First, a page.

Section 1201 of the 1998 Digital Millennium Copyright Act makes it both a crime and a civil offense to tamper with software locks that control access to copyrighted works — more commonly known as "Digital Rights Management" or DRM. As the number of products with software in them has exploded, the manufacturers of these products have figured out that they can force their customers to use their own property in ways that benefit the company's shareholders, not the products' owners — all they have to do is design those products so that using them in other ways requires breaking some DRM.
The conversion of companies' commercial preferences into legally enforceable rights has been especially devastating to the repair sector, a huge slice of the US economy, as much as 4% of GDP, composed mostly of small mom-n-pop storefront operations that create jobs right in local communities, because repair is a local business. No one wants to send their car, or even their phone, to China or India for servicing.
Ironically, China is one of the places were a lot of busted phones get sent, but not so that they can be fixed for their owners. Rather, the manufacturer-imposed limits on repair makes it so uneconomical to fix these devices that they're sold as ewaste, shipped in bulk to China, and refurbished there, creating jobs and value for that economy, taking it away from the US economy, and requiring US residents to waste money replacing devices that could be fixed and put back in their pockets.
Three states are considering "Right to Repair" bills that would override the DMCA's provisions, making it legal to break DRM to effect repairs, ending the bizarre situation where cat litter boxes are given the same copyright protection as the DVD of Sleeping Beauty. Grassroots campaigns in Nebraska, Minnesota, and New York prompted the introduction of these bills and there's more on the way. EFF and the Right to Repair coalition are pushing for national legislation too, in the form of the Unlocking Technology Act.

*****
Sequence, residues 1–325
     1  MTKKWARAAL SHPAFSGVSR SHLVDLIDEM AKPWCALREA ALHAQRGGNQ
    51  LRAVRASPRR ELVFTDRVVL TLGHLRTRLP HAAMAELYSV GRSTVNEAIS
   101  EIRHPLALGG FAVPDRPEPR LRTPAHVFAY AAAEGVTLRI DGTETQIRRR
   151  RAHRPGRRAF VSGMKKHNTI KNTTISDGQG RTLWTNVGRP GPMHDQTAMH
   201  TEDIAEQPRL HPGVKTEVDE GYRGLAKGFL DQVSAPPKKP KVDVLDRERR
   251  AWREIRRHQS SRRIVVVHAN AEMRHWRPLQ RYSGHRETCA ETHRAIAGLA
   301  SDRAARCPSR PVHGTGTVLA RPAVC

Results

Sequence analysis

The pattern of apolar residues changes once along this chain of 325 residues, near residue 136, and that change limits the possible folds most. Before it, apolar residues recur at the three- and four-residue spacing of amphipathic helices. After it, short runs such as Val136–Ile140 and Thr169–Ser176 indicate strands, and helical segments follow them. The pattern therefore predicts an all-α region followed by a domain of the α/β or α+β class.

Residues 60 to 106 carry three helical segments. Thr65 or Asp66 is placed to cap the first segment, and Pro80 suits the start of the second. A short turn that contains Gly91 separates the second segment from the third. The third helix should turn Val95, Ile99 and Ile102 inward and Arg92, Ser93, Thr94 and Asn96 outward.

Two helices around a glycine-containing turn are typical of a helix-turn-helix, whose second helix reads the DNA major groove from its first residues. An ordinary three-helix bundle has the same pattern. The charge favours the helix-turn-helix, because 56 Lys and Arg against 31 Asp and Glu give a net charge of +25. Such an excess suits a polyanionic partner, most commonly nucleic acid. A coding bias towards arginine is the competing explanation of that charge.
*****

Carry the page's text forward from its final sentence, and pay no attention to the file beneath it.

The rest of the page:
Kyle Wiens, the superman of the repair industry, writes eloquently about the economic and social rationale for the right to repair.
As computers continue to permeate everyday things, the DMCA could impact repair jobs across all industries—not just cars. Imagine a future where your smart fridge turns into a refrigerated brick, because Samsung stops updating it and no one else can repair it. Or Apple says only they should be able to fix your iPhone. Or John Deere says you can't repair your own tractor.
If that sounds far-fetched, it's not. It's already happening. In 2015, I teamed up with the Electronic Frontier Foundation and the Intellectual Property Law Clinic at USC to request a DMCA exemption for farmers who wanted the freedom to repair their own tractors—even if it meant fixing and modifying the software without the manufacturer's permission. John Deere opposed the request, saying farmers didn't own the software in their tractors. Deere argued that farmers only have "an implied license for the life of the vehicle to operate the vehicle."
So much for ownership.
Thankfully, the US Copyright Office ruled with farmers and against Deere. But it's not enough. John Deere just turned around and wrote an End User Licensing Agreement that chips away at an owner's right to repair. Now it's that much harder for anyone one but Deere to repair a tractor or develop diagnostic tools for independent repair shops.
The DMCA Strikes Back: How Copyright Law Could Cost You Your Job